"Now we become reconciled as you start away.  You were a 

tender bud and gladdened our hearts for only a few days.  Now 

the bloom has withered away . . . (etc.)  Let none of the 

things that transpired on earth hinder you.  Let nothing that 

happened while you lived hinder you."  (The remainder is the 

same as the address at the funeral of a Lord).

[ Editors note:  the above ellipses and 'etc.' remarks are 

transcribed directly from the text I copied. ]

115.  When an infant dies within three days, mourning shall 

continue only five days.  Then shall you gather the little boys 

and girls at the house of mourning and at the funeral feast a 

speaker shall address the children and bid them be happy once 

more, though by a death, gloom has been cast over them.  Then 

shall the black clouds roll away and the sky shall show blue 

once more.  Then shall the children be again in sunshine.

116.  When a dead person is brought to the burial place, the 

speaker on the opposite side of the Council Fire shall bid the 

bereaved family cheer their minds once again and rekindle their 

hearth fires in peace, to put their house in order and once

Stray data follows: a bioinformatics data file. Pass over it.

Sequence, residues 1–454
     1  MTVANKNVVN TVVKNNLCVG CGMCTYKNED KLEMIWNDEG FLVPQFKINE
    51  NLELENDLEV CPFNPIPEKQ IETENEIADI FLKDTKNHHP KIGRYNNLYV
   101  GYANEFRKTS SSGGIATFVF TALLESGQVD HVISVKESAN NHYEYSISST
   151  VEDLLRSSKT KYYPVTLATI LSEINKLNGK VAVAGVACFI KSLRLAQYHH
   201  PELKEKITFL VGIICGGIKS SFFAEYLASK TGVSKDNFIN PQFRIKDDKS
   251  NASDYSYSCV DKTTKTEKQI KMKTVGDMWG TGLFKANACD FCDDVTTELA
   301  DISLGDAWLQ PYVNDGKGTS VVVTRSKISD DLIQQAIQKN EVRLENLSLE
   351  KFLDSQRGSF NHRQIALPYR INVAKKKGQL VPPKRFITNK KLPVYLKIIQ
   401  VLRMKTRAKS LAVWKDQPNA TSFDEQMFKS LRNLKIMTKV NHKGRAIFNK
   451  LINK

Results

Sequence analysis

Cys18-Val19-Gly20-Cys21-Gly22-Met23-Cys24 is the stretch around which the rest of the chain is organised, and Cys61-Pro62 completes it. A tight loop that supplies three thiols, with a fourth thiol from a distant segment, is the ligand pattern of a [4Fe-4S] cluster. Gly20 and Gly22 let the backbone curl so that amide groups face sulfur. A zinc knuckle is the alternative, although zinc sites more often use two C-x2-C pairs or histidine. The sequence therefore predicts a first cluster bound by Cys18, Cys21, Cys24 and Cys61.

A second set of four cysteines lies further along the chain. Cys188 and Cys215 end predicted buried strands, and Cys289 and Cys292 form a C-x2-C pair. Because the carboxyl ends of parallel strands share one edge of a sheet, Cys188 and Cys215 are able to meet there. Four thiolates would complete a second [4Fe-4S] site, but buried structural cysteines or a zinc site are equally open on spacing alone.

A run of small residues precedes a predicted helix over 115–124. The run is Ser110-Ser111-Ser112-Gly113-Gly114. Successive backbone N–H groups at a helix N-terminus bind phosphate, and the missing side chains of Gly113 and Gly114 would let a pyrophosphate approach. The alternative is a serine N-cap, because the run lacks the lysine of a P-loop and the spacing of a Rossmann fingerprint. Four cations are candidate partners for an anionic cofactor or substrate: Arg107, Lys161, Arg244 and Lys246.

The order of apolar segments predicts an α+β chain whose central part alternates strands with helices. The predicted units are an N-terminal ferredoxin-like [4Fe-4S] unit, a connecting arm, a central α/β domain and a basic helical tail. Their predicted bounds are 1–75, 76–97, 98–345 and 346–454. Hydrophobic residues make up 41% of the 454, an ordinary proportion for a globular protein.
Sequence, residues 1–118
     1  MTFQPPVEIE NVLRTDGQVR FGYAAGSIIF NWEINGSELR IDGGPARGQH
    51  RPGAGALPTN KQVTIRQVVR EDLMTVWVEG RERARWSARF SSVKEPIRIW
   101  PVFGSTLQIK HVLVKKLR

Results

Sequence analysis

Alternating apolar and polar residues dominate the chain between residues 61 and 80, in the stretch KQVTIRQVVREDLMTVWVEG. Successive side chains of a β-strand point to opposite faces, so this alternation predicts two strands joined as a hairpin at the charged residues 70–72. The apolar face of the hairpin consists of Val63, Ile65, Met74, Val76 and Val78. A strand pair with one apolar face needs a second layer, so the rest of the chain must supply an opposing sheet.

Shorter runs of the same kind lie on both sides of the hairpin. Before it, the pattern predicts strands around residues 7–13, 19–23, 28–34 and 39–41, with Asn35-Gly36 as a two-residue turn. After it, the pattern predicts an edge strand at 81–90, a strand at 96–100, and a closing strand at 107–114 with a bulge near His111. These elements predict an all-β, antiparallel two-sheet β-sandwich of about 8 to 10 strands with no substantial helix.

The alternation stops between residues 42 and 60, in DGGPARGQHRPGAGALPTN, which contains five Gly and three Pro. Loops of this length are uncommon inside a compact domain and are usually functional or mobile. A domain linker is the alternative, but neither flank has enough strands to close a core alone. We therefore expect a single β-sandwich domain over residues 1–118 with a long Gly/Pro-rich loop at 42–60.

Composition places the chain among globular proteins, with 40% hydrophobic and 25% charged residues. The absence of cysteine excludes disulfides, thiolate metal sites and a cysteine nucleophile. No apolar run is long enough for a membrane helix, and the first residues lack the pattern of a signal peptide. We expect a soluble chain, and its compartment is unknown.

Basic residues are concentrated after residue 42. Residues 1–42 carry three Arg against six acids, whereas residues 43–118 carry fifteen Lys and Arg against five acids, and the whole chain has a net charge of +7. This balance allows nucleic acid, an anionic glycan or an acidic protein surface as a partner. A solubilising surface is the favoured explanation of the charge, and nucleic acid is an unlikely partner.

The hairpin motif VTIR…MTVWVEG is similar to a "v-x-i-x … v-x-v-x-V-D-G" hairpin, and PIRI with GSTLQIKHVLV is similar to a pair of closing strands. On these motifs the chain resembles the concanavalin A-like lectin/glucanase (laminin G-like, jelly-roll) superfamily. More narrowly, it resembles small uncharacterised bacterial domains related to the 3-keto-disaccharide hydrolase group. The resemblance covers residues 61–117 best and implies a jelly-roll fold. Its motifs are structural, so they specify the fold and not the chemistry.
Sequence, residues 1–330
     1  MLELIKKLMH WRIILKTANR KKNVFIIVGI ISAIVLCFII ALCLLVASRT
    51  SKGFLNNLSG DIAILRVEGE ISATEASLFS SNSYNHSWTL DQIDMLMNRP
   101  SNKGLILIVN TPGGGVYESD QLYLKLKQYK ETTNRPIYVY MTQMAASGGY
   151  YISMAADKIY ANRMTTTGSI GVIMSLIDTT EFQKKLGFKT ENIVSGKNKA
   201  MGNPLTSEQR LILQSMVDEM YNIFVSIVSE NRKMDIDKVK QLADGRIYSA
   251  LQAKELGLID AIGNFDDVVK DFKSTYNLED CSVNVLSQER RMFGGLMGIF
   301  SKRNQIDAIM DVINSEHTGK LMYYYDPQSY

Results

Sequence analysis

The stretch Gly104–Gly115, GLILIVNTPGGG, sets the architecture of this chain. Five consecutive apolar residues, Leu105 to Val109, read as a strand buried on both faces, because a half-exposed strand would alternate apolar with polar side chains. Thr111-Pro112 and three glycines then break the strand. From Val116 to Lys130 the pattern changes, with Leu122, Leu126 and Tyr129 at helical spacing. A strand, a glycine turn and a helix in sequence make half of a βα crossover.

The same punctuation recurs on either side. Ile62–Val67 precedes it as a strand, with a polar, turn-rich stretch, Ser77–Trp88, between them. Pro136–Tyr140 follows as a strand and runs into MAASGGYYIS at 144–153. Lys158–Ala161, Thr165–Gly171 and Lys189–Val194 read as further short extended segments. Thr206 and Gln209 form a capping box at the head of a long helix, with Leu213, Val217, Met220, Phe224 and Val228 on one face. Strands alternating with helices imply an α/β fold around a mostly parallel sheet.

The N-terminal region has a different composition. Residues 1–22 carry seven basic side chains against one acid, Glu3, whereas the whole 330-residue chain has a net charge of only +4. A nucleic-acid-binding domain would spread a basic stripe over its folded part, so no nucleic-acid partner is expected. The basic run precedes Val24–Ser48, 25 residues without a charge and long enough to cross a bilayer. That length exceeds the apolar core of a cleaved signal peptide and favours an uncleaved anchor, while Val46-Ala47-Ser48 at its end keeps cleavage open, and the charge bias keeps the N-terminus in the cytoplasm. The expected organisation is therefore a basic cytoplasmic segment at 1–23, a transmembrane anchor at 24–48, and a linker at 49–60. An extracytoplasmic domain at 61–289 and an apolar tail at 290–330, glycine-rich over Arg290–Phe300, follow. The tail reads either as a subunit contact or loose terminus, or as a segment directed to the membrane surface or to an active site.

again be in brightness for darkness has covered them.  He shall 

say that the black clouds shall roll away and that the bright 

blue sky is visible once more.  Therefore shall they be in 

peace in the sunshine again.

117.  Three strings of shell one span in length shall be 

employed in addressing the assemblage at the burial of the 

dead.  The speaker shall say:

      "Hearken you who are here, this body is to be covered.  

Assemble in this place again ten days hence for it is the 

decree of the Creator that mourning shall cease when ten days 

have expired.  Then shall a feast be made."

       Then at the expiration of ten days the speaker shall say:

"Continue to listen you who are here.  The ten days of mourning 

have expired and your minds must now be freed of sorrow as 

before the loss of a relative.  The relatives have decided to 

make a little compensation to those who have assisted at the 

funeral.  It is a mere expression of thanks.  This is to the 

one who did the cooking while the body was lying in the house.  

Let her come forward and receive this gift and be dismissed 

from the task."  In substance this shall be repeated for every 

one who assisted in any way until all have been remembered.

Prepared by Gerald Murphy (The Cleveland Free-Net - aa300) Distributed by the Cybercasting Services Division of the National Public Telecomputing Network (NPTN). Permission is hereby granted to download, reprint, and/or otherwise redistribute this file, provided appropriate point of origin credit is given to the preparer(s) and the National Public Telecomputing Network.